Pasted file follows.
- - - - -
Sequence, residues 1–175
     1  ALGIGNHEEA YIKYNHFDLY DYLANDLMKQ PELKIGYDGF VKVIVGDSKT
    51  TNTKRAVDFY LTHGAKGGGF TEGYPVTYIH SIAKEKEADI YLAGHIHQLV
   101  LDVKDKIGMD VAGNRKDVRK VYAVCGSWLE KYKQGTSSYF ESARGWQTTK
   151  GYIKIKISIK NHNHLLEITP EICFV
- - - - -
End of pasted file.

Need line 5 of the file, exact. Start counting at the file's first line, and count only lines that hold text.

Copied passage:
   151  GYIKIKISIK NHNHLLEITP EICFV